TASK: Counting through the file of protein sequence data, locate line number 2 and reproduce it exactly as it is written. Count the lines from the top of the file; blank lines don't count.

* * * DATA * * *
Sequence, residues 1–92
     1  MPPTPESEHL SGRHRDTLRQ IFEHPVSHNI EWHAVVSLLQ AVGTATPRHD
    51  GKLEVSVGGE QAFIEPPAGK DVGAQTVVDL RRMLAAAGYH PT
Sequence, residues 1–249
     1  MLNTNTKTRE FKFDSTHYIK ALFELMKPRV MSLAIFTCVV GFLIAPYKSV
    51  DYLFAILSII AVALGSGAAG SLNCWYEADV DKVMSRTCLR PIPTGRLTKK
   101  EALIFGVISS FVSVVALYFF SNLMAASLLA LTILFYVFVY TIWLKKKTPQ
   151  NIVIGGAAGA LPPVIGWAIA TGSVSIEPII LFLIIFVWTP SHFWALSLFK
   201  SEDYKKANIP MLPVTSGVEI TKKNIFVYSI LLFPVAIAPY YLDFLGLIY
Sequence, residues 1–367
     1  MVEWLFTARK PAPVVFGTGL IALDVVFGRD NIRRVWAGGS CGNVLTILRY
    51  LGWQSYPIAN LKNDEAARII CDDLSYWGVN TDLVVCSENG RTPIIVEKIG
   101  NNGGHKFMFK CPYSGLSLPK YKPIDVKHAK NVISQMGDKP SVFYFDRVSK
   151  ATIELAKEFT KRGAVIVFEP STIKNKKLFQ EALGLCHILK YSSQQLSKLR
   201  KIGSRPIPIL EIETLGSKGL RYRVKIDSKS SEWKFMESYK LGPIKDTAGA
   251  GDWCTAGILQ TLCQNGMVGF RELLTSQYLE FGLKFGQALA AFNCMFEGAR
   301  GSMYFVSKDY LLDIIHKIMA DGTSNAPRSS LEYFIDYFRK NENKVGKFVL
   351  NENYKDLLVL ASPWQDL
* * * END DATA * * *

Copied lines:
     1  MPPTPESEHL SGRHRDTLRQ IFEHPVSHNI EWHAVVSLLQ AVGTATPRHD